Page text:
Living within a community association, like a homeowners association (HOA), can be a benefit to many. Most often, HOAs help maintain property values, provide additional support for repairing homes, and give access to amenities.
There are of course downsides to having an HOA, and one of them is the risk of going into property debt. Under Texas state law, if you live in an HOA and you’re behind on your dues, the HOA can put on a lien on your house.
At PPS, we have walked plenty of home sellers through this red tape. Here’s how the laws work and how to get out of this situation.
How HOAs and HOA Fees Work
Homeowners purchasing a condominium, townhome, or single-family home as part of a planned community gain access to a wide range of benefits. However, when you do, you are required to pay fees and additional assessment fees (or one-time expense fees) to the appropriate homeowners association (HOA) or condominium owners’ association (COA).
An HOA fee averages $250 and can range from $100 to $1,000 a month. They usually pay for:
- Shared lobbies, patios, pools, and community centers
- Road maintenance
- Community parking
- Amenities, like laundry, club house, neighborhood parks, and tennis courts
In most cases, residents like HOAs because they can also pay for utilities, like water and sewage fees, garbage disposal, new roofing, and structural repairs.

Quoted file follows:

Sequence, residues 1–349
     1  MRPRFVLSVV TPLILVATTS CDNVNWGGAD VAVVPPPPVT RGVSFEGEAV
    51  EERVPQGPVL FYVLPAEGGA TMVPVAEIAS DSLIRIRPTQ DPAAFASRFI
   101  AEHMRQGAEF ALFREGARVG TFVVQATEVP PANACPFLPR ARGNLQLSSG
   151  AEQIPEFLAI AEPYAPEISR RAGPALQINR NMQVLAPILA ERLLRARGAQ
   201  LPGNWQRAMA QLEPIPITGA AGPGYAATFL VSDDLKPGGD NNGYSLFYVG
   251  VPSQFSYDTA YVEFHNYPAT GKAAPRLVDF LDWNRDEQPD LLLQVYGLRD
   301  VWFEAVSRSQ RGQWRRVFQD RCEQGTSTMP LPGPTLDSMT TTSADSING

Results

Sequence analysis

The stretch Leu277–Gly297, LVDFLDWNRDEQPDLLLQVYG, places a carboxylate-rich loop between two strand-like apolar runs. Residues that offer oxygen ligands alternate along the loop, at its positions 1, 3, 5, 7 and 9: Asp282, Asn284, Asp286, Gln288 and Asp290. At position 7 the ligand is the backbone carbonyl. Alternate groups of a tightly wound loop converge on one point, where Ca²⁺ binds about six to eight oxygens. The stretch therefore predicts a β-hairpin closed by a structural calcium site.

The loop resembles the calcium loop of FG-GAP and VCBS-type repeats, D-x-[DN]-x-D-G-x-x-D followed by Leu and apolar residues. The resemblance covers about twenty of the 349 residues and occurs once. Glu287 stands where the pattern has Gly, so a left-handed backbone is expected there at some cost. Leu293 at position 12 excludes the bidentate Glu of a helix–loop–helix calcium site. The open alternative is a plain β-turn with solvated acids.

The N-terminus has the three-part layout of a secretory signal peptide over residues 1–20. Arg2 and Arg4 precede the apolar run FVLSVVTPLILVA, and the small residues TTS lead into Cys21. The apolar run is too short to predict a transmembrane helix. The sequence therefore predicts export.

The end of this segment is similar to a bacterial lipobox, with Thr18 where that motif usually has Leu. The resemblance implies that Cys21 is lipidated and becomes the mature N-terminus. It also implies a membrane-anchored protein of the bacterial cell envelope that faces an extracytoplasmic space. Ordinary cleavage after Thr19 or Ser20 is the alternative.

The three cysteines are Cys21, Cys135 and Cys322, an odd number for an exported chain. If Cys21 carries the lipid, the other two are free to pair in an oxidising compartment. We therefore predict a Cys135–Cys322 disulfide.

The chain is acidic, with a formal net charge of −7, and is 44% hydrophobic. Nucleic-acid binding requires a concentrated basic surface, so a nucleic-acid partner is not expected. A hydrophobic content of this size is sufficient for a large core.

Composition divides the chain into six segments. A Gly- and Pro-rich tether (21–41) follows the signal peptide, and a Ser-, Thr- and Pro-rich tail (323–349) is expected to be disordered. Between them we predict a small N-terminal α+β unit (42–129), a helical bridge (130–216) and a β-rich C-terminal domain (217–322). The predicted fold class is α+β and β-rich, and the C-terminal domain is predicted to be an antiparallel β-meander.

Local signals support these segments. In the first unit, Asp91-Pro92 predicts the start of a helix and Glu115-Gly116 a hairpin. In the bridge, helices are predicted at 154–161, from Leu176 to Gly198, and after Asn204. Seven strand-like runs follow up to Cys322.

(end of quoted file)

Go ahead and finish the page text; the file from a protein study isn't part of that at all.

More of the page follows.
While there are numerous benefits, HOAs can also be hard to live with. In some cases, HOAs and COAs put restrictions on what members can do with their property, how it can look, and the types of changes or repairs a homeowner can make. While approvals are helpful for maintaining standards, they can also delay how long it takes to sell if repairs are needed but approvals take months to secure.
There are also downsides if you fail to pay your HOA fees. You could find yourself paying more to your HOA if you fail to pay your dues, are fined, and rack up interest or debt with the HOA.
What Happens If You Violate Your HOA’s CC&Rs?
HOAs regulate their members through Covenants, Conditions, and Restrictions (CC&R) and they usually cover rules on development, home decorations, vehicle parking, storage of garbage bins, and so on.
Violating an HOA rule, not paying your dues, or having a delinquent assessment can lead to additional penalties, including fines, suspension of privileges, forced compliance (the HOA will go onto your property to fix something for you), and they can even file a lawsuit against you.